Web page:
Grow your retirement savings with rising interest rates


Normally, the longer you tie up your money, the better your CD will perform. Currently, there is relatively little difference in yield between CDs of different maturities. The national average yield for a one-year CD is 0.82%, according to Bankrate, and the average yield for a five-year CD is 0.87%. High-yield CDs of all maturities range from 2.5% for six-month CDs to 3.65% for five-year CDs.

Most investors want to lock in high current yields with a long-term CD if they think interest rates won’t rise much more. Now is probably not the time to do so, says Greg McBride, chief financial analyst at Bankrate. “The Federal Reserve Board plans to raise interest rates another 1.25% this year,” he said. The Fed has raised its short-term federal funds rate five times this year, from a high of 0.50% to a high of 3.25%.

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For most people right now, the best bet is a savings account or a high-yield money fund. “If you’re a gambler, get the best rate on a savings account now and wait for the Fed to go into pause mode” before locking in returns with a CD, says Ken Tumin, founder of Depositaccounts.com.

3. Treasury securities

Treasury securities, which are federally guaranteed IOUs, also offer good yields. A three-month treasury bill yields 3.4% and a one-year treasury bill yields nearly 4%. Interest from Treasury securities is exempt from state income tax, but not federal income tax.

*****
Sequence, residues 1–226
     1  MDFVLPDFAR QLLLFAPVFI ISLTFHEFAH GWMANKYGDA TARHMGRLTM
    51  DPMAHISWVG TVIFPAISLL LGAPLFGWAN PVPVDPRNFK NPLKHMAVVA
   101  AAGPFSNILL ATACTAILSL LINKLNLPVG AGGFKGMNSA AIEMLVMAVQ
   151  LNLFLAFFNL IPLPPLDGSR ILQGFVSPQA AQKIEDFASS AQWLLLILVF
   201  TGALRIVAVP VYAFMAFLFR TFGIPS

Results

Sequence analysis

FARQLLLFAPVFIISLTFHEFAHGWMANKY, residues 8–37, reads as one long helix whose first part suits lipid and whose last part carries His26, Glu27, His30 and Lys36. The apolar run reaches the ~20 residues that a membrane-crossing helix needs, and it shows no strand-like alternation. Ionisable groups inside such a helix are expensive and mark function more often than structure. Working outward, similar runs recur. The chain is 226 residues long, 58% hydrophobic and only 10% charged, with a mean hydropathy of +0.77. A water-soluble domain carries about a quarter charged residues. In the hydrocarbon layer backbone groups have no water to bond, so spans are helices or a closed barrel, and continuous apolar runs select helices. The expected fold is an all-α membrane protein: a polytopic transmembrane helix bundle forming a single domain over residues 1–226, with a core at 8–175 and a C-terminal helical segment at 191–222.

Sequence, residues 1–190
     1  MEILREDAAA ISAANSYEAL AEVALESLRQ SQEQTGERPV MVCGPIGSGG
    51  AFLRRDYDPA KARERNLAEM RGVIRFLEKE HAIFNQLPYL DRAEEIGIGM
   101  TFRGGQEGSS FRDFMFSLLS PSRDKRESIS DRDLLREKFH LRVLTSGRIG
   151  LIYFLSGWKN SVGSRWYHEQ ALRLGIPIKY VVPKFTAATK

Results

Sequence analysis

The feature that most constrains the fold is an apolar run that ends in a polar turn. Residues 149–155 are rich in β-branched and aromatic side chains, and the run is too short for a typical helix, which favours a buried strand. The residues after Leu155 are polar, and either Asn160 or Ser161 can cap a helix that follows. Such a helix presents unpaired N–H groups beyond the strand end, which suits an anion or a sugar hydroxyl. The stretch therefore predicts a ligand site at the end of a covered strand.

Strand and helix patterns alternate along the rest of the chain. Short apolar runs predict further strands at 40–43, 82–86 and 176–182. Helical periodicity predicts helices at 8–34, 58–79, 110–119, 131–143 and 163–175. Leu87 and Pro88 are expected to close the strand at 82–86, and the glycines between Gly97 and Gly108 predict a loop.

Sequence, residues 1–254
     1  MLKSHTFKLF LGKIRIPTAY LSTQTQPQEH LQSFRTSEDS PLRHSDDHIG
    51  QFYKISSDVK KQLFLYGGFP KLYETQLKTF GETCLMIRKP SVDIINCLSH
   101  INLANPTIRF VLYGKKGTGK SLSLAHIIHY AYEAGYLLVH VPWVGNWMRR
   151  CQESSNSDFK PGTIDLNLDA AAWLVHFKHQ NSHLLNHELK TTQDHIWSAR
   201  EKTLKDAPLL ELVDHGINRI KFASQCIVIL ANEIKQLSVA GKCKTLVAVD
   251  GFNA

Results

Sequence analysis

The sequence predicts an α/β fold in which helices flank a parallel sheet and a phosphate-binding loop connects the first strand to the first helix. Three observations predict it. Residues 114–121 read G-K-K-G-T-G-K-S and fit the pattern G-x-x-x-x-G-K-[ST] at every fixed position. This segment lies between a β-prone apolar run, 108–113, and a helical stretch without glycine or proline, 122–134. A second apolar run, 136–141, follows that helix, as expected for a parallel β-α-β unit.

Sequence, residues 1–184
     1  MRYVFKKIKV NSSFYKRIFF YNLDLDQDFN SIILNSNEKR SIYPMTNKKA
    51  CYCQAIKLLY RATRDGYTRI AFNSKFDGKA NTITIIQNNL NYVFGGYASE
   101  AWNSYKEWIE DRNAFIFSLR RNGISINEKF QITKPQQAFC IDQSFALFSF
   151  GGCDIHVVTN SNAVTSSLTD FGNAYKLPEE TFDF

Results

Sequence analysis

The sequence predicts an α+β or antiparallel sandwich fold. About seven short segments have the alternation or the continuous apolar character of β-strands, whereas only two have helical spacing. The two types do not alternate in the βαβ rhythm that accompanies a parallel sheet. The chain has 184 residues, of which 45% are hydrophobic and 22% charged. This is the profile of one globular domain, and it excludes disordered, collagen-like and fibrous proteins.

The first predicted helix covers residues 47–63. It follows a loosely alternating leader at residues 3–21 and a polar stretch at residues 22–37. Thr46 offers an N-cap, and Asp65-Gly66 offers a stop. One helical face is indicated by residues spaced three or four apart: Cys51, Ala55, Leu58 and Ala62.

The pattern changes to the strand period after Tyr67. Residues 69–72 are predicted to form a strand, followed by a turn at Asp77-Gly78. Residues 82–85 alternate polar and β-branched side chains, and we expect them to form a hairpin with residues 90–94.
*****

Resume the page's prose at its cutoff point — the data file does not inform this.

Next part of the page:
Treasury bills, which mature in one year or less, are issued at a discount, much like savings bonds. For example, you can buy a one-year $10,000 treasury bill for $9,750 and when the note matures, the government will pay your $10,000. Profit is your interest. Treasury bills, which have maturities greater than one year and less than 20 years, bear interest semi-annually.

You can buy treasury bills from a broker or directly (and for free) at treasurydirect.gov. Most brokerages also sell bank CDs and can be a good way to find high-yield CDs, Tumin says.

A downside of treasury bills: if you sell your treasury bills before they mature, you may get more or less than the face value of the security.

4. Money market UCITS

A money market mutual fund invests in short-term, high-quality, interest-bearing securities, such as treasury bills. Unlike a bank, which can fix a return for a certain period, money market funds can only give you what they earn, minus expenses. The typical money market fund returns 2.57%, according to Crain Data, which tracks the returns of the largest funds.

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